A group of U.S. credit unions and supporting organizations have come together to assemble prosthetic hands to help civilians in northern Afghanistan who have lost limbs to land mines, through conflict, disease, and birth defects. With the World Council of Credit Unions’ (WOCCU) assistance, the group will soon be distributing the prostheses through Afghanistan’s Islamic Investment and Finance Cooperatives (IIFCs). Individuals who register with IIFC will receive the hands free-of-charge and do not need to be IIFC members.
The Credit Union Helping Hands™ program, launched by the Credit Union Philanthropy Group (CUPG), has been assembling and distributing LN-4 transradial prosthetic hands for those in need through Rotary International for three years. The LN-4 prosthetic hand is a low-cost, light, durable, functional prosthesis that was developed by industrial designer Ernie Meadows and is distributed by the Ellen Meadows Prosthetic Hand Foundation, a philanthropic organization he and his wife named after their daughter, who died in a car accident at the age of 18.
“The goal of credit unions is to foster economic empowerment and growth for their members, thereby helping strengthen the communities in which they live,” said Brian Branch, WOCCU president and CEO. “We are pleased that IIFCs in Afghanistan have found yet another way to help meet what for some members is their most critical need.”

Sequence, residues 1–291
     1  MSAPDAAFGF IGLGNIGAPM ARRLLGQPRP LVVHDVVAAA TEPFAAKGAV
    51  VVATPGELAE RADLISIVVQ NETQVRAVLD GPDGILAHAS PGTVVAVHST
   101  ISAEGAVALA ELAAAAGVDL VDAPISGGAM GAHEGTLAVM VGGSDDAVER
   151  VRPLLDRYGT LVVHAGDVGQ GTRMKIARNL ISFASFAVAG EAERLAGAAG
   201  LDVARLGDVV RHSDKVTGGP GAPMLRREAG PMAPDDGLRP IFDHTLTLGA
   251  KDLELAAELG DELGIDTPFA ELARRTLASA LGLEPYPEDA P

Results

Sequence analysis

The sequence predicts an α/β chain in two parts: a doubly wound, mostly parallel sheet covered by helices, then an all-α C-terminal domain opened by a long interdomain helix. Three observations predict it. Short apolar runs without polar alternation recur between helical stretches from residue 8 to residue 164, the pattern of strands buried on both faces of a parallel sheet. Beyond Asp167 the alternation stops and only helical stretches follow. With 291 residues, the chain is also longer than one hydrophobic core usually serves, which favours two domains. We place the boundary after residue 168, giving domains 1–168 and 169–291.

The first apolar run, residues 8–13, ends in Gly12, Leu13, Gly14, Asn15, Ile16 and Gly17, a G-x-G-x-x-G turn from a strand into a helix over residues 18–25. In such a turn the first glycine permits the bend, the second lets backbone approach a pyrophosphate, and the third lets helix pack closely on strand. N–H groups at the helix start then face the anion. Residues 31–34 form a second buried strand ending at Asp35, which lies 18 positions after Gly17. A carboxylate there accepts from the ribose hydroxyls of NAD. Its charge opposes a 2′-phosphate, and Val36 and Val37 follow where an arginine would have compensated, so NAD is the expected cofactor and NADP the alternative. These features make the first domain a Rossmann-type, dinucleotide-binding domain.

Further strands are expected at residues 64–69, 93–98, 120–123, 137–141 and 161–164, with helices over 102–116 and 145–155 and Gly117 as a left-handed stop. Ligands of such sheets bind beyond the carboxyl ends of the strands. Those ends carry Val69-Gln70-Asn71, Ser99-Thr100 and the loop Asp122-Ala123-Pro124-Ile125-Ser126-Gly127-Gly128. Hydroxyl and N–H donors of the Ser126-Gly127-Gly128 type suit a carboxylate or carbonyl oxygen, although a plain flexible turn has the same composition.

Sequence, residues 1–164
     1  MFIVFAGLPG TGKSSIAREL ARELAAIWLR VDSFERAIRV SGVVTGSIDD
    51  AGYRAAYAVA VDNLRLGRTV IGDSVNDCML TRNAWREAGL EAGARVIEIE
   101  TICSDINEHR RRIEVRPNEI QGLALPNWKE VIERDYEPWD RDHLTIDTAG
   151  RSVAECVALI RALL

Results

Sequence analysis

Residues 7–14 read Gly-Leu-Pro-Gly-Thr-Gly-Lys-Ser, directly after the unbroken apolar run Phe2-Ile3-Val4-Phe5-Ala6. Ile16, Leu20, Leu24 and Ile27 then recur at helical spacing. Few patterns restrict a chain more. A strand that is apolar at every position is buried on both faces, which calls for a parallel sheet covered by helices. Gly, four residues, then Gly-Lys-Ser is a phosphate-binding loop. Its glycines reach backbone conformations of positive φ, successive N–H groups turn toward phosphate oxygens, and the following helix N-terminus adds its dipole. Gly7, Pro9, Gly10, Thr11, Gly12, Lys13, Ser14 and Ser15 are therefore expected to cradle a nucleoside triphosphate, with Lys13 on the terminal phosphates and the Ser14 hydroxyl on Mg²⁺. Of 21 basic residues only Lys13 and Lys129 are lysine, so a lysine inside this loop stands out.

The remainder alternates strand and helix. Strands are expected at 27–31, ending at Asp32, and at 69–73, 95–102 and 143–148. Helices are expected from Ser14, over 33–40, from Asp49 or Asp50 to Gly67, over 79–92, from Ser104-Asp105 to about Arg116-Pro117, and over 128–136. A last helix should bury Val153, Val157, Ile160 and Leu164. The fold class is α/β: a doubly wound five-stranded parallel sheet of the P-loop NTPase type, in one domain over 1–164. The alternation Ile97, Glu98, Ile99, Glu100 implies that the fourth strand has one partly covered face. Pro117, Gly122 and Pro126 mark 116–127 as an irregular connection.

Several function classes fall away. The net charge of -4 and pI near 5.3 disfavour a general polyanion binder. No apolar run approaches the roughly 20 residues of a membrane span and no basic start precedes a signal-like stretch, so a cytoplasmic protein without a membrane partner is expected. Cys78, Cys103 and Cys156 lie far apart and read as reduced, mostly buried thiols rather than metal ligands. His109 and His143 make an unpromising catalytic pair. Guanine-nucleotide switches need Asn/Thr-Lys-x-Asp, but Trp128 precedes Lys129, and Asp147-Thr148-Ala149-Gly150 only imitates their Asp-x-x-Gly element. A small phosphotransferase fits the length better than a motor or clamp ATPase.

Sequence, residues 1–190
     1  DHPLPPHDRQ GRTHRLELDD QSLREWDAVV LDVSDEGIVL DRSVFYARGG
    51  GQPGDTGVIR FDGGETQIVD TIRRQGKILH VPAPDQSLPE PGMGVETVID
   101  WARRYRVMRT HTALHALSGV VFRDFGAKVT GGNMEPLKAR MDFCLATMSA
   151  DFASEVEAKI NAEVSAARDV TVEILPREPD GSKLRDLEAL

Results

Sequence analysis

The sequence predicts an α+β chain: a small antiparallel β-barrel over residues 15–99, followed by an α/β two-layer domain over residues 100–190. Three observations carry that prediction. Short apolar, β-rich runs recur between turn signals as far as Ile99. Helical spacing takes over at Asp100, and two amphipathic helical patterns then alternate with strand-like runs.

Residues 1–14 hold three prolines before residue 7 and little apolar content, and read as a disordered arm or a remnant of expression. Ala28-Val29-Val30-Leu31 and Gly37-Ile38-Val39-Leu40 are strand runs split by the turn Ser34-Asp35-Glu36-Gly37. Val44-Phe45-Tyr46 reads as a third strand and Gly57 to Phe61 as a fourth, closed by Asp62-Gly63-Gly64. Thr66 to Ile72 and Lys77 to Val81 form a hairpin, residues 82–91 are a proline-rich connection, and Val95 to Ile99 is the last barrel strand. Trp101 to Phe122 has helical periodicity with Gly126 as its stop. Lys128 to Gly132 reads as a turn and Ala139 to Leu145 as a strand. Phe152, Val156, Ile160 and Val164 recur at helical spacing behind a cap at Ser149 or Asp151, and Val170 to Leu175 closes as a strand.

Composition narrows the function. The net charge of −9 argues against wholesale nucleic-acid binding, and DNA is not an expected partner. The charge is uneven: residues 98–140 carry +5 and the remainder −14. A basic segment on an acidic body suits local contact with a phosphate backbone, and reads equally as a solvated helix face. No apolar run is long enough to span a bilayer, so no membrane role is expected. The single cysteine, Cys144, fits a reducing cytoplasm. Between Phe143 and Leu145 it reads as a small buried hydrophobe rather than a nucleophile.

Last year, Rotary International arranged for several IIFC volunteers, to travel to Ahmedabad, India, for prosthetic-fitting training sessions. Credit union consulting firm DDJ Myers, headquartered in Phoenix, Arizona, financed the trip. Those volunteers, in turn, will train other volunteers throughout Afghanistan to fit the prosthetic hands on their recipients.
“The primary value of the hands is that they enable the user to grasp,” said Frank Hackney, CUPG founder. “The ability to grasp allows recipients to hold tools or utensils, steer a bike or an automobile, and, in many cases, increases their ability to work.”
Participants from about 25 credit unions have already assembled as many as 100 hands. An initial shipment of 50 hands will be shipped during the first quarter of 2012 once the initial demand has been determined, Hackney said.